Florida couples say they were duped by moving companies amid pandemic

‘I feel like I’m on Survivor,’ Rebekah Massena said

They moved to Florida for their dream homes, and instead, they are living in empty nests.
They moved to Florida for their dream homes, and instead, they are living in empty nests. (WKMG)

ORLANDO – They moved to Florida for their dream homes, and instead, they are living in empty nests.

“Normally we would have decorations, but it’s empty right now,” Eric O’Dell said walking through his home in St. Cloud. “It is difficult sometimes when you just need to relax at the end of the day and all you got is a refugee camp.”

[Scroll down for 10 questions you can ask your moving company]

Instead of sofas and dining room tables, the O’Dells have turned their home into more of a camping store, forced to sleep on cots, sit on lawn chairs and eat over portable folding tables.

The O’Dells have been waiting nearly four weeks for their items to arrive on a moving truck from California.

Once the items were picked up, the company went silent, according to O’Dell.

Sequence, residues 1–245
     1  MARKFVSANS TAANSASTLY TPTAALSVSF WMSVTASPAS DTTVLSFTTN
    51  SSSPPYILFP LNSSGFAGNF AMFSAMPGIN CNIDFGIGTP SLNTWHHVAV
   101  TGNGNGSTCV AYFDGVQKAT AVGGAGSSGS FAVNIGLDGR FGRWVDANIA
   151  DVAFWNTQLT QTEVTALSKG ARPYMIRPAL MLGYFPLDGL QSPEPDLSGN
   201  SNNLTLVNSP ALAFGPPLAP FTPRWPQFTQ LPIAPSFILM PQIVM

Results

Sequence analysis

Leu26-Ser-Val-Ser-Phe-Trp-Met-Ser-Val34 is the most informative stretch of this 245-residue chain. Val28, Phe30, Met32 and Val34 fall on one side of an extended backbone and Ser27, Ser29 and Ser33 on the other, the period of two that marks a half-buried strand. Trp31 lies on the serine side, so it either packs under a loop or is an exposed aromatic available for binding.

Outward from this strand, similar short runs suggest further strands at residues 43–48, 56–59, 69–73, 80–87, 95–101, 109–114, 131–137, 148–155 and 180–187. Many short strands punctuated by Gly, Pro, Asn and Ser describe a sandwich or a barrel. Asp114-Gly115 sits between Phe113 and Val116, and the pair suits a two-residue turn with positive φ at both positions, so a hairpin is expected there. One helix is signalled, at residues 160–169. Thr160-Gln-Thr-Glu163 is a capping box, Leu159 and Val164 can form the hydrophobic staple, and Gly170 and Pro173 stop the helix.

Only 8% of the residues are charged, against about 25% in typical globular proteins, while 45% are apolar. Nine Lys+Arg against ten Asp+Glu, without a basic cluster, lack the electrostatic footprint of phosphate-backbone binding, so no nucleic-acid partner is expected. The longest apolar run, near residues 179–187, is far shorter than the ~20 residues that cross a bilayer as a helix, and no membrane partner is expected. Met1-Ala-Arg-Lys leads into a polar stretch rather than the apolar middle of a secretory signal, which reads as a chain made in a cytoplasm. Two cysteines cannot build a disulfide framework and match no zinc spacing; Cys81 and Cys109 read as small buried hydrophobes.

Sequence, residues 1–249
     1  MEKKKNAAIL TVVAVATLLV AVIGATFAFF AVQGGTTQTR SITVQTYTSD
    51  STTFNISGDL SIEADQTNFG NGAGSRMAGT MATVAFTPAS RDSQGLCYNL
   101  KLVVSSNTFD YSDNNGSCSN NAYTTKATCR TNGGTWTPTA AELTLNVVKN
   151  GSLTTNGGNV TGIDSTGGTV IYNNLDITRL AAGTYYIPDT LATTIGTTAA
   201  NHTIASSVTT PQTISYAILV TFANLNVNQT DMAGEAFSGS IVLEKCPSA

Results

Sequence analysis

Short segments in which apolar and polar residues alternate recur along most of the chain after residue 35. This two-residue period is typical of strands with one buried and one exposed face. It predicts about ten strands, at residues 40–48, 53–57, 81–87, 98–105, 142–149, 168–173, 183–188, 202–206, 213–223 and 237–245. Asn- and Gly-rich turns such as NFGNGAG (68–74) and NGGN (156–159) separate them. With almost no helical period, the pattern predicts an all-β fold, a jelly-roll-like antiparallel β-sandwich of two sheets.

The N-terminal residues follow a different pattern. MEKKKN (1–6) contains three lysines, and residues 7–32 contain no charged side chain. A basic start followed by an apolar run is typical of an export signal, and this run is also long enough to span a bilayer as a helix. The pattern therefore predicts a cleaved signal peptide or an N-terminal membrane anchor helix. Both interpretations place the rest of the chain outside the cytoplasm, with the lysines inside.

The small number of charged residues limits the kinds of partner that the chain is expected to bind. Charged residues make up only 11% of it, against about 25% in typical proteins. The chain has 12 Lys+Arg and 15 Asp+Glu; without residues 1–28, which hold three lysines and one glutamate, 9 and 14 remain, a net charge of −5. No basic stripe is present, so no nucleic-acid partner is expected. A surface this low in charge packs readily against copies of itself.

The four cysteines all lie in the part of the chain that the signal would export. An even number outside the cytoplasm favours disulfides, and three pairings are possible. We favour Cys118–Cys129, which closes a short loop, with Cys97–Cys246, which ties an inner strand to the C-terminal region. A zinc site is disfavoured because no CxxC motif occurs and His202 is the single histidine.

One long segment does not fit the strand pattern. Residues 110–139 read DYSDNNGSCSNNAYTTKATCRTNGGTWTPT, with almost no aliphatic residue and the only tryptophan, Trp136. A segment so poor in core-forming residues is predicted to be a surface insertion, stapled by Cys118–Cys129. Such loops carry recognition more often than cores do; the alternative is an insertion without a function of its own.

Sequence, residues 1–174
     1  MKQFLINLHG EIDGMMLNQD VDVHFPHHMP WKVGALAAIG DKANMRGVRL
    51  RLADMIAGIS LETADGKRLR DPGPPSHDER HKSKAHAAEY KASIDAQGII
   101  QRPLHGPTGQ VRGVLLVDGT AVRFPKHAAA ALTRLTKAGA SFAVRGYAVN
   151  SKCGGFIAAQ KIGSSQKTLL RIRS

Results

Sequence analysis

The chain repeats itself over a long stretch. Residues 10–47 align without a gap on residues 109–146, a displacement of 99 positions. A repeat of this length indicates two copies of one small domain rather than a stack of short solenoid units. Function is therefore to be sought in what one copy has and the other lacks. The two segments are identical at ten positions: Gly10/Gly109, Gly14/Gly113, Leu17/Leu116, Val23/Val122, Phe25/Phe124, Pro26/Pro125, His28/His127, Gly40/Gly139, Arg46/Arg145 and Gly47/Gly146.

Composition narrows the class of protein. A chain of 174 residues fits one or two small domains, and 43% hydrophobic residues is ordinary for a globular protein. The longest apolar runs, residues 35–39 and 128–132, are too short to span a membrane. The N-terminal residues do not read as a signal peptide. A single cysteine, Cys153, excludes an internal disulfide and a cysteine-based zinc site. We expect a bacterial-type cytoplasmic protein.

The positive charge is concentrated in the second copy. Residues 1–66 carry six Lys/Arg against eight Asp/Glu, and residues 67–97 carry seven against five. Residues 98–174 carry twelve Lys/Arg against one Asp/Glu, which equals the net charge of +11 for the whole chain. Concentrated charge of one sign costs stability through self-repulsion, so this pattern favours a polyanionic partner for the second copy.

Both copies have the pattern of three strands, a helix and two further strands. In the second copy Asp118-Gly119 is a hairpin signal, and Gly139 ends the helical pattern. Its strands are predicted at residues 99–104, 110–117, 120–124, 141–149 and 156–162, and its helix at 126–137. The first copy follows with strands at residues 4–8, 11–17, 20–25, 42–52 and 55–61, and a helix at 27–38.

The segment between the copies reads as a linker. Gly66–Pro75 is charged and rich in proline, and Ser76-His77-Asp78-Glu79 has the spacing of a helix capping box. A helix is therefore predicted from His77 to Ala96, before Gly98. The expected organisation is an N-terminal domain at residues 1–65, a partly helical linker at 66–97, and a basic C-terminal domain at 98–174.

“They have our complete bedroom set, all of our clothes. We feel like life cannot function in the way that it should,” Teresa O’Dell told News 6.

One hour away in Orlando, The Massenas have waited even longer.

“It was supposed to be three to five days, then it was seven to 21 days,” Rebekah Massena said.

“Now it’s 61 days,” Joseph Massena said. “Sixty-one days as of today.”

Eventually, the family of four caved, buying mattresses and other household items they already owned, but left on a moving truck.

“I feel like I’m on Survivor,” said Massena. “It does not feel like home.”

Both families told News 6 Investigators the pandemic was ultimately what pushed them to move to Florida.

“That was kind of the final straw, in addition to all the taxes,” Joseph Massena told News 6.

“The pandemic opened the door for us to finally live a dream: to get ahead, to work remotely, to live where we wanted to live,” O’Dell said.

So what went wrong with their moves?

Both families looked at Google reviews, but they did not check with the Better Business Bureau, state professional movers’ associations or with the Federal Motor Carrier Safety Administration (FMCSA).

When News 6 checked the FMCSA, our investigators found 19 complaints this year alone against The Massenas moving company, Cheney Bro, and four complaints against the O’Dell’s moving company FebEx.

News 6 did not get a response from anyone at FebEx despite multiple attempts. Associates with Cheney Bro did not agree to an on-camera interview.

News 6 also checked each companies registration with the U.S. Department of Transportation. Our investigators found FebEx has only been in business since October 2020. The company has 43 trucks with only one driver.

“You can look like anything on the internet. You can look as established as you want to look, but that is not always the case,” CEO of 1776 Moving and Storage based in Orlando Michael Haase said.